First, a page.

The Session, a.k.a. Beer Blogging Friday, is an opportunity once a month for beer bloggers from around the world to get together and write from their own unique perspective on a single topic.
This month, 99 Pours hosts the session with the theme Novelty Beers, announcing:
With the onslaught of even weirder beards… erm… beers… than before, I can’t help but wonder if novelty beers are going too far. Or maybe not far enough? LOL! As a merchant of beer, I can see the place for novelty beers, as I am choosing for some customers who say, “I want the strangest beer you have.” We’ve even seen some novelty beers in our top-sellers. But beer traditionalists sometimes frown on these new and bizarre concoctions.
What novelty beer comes to mind when you think: Is this beer just to strange to stay around? Why in the world would they choose ingredients most beer drinkers have never heard of …what the heck is a qatar fruit? If it’s okay for beer to taste like tea or coffee, why not pizza? If wild yeasts are allowed to ferment beer, then why not beard yeast? If oysters, why not bacon? If pumpkin’s good enough for pie, why not beer? Since hops are flowers, why not brew with actual flowers?
Here are my thoughts:
“There is an incessant influx of novelty into the world, and yet we tolerate incredible dulness.”
– Henry David Thoreau
If novelty beers counter dull beers, then I’m all for them. Brewing beer with hops was once a novelty. If novelty now drives the cultivation of new hop varieties, it must be a good thing. I can’t imagine a summer without a Citra hopped beer now, yet this was a novelty beer to me just a few years ago. Similarly, I viewed Black IPAs with suspician when I first came across them, but now some rank amongst my favourite beers. Novelty beers at least offer variety – I’ll try an ale brewed with Bogmyrtle and infused with flowering heather, over a Bud Light any day. But then how new and unusual are novelty beers?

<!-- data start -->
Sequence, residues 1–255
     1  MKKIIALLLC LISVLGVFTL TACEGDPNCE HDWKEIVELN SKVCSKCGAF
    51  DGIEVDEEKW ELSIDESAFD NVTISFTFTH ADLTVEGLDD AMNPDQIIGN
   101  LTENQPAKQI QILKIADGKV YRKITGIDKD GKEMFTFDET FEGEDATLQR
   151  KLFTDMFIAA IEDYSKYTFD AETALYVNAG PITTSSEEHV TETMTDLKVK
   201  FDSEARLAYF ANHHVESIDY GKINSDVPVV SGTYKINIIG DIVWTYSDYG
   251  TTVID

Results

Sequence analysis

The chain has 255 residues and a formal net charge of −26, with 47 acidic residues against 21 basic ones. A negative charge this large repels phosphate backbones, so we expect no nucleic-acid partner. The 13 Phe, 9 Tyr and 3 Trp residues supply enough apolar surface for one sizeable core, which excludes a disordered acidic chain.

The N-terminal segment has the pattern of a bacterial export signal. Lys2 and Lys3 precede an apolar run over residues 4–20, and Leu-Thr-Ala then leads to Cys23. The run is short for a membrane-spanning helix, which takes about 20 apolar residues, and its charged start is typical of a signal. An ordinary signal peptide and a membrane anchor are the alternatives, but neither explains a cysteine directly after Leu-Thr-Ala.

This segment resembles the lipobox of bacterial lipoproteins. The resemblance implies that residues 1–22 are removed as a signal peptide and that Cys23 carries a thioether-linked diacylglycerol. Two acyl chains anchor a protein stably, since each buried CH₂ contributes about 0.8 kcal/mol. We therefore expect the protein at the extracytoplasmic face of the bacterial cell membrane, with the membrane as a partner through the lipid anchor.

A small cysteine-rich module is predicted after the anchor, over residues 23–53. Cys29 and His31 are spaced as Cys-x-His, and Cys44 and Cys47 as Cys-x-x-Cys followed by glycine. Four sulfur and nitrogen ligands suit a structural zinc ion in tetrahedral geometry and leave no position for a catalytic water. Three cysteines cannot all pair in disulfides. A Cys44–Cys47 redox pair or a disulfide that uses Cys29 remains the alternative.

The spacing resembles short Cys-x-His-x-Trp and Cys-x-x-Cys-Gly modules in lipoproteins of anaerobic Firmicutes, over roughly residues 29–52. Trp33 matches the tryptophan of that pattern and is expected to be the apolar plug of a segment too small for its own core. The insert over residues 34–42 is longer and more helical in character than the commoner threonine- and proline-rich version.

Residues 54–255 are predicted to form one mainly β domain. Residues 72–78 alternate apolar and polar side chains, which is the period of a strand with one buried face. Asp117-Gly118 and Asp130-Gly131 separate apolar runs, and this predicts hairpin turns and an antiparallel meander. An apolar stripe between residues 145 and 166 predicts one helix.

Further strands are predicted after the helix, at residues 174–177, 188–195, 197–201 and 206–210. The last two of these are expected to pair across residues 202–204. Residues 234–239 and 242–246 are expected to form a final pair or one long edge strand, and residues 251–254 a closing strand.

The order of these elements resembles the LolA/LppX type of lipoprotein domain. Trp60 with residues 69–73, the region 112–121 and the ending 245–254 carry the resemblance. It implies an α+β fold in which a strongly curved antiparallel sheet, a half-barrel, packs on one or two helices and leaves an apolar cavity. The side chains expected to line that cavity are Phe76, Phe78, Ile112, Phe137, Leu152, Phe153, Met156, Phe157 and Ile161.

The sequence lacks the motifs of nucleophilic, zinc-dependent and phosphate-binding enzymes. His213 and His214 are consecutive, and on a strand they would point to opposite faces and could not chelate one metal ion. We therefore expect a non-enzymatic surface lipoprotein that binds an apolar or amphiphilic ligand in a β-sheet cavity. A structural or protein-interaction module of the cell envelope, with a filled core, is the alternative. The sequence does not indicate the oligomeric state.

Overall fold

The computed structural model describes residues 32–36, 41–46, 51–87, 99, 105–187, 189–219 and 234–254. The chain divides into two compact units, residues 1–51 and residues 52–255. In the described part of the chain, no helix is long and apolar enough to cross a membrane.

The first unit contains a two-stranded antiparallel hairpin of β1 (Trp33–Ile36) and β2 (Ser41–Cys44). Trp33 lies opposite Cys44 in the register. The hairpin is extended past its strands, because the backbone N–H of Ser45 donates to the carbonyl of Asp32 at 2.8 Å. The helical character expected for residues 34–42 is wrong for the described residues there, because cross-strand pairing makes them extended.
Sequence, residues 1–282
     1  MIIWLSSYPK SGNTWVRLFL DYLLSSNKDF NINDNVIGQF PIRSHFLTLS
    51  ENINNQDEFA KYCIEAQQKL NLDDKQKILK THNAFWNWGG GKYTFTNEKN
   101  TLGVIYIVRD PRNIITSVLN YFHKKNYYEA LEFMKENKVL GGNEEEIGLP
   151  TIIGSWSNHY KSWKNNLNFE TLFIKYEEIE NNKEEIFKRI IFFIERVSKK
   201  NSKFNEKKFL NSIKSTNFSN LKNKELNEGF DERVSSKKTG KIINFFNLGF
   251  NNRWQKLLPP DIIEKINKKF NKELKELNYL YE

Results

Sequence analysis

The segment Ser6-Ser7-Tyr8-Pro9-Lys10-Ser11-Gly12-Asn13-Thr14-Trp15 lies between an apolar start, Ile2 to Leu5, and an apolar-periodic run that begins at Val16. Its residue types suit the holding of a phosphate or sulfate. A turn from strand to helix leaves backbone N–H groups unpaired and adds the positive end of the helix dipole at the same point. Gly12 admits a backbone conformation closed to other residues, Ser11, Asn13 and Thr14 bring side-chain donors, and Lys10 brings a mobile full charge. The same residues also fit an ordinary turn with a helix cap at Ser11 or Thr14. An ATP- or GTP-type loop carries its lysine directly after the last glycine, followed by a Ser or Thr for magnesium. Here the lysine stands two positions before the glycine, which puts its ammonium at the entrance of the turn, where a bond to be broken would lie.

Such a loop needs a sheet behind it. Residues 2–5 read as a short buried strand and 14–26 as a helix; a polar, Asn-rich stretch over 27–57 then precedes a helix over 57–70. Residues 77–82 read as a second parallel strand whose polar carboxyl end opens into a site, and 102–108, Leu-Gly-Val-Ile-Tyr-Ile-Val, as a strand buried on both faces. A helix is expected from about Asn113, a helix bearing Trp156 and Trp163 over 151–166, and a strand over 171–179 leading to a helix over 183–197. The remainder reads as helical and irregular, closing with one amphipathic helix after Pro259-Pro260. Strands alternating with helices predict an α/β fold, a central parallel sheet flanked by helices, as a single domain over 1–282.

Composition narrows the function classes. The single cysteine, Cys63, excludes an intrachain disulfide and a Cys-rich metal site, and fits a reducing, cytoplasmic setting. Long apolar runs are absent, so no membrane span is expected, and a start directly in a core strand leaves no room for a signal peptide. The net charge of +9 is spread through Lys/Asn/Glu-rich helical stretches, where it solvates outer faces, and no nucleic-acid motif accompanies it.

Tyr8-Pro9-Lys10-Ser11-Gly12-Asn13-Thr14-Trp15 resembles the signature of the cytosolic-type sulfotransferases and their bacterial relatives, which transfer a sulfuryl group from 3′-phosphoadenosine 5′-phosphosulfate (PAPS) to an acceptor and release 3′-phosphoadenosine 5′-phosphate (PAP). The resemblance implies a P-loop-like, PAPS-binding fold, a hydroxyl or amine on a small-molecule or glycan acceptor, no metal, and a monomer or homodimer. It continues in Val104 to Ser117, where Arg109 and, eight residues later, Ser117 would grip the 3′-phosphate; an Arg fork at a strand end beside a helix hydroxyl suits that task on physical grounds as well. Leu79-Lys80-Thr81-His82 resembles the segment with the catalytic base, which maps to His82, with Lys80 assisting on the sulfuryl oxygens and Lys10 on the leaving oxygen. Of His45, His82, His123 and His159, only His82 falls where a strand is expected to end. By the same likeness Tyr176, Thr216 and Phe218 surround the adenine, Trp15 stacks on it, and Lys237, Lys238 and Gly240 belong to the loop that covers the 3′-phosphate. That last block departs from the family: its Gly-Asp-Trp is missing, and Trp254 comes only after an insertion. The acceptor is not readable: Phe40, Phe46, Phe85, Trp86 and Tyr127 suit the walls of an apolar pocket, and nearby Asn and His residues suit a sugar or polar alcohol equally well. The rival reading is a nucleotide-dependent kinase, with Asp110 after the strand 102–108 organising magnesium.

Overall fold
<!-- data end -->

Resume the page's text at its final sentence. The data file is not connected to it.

There is no new thing under the sun
– Ecclesiastes 1:9-11
If Williams are ‘the only brewery still producing this unique style of beer’ then Heather Ale is a novelty beer of sorts, but Williams date the recipe back four thousand years. This week’s stout made with bulls testicles isn’t really such a novelty – when Stuart Howe of Sharp’s Brewery made a beer with offal a couple of years ago, Zytophile referred to Mercers Meat Stout, while Peter Brissenden pointed to a 17th century ‘Cock Ale‘. All manner of meats, insects, herbs and spices have been added to beer over the centuries, ‘it hath been already of old time’.
Beer as novelty gift
But if by novelty beers we mean those beers that appear at Christmas Markets, with names like Cat’s Pee Pale Ale and Bullshit Bitter, aimed at people looking for ‘amusing’ gifts, there I draw the line. I tasted a variety of such beers from one supplier and when they advertise proudly they’re the ‘WORST BEERS IN THE WORLD, EVER!’ they are not joking – each beer got poured after the first sip. They are to creativity what cliffs are to lemmings.
Has anybody brewed a beer with lemmings? If they did, I guess everyone else would soon follow…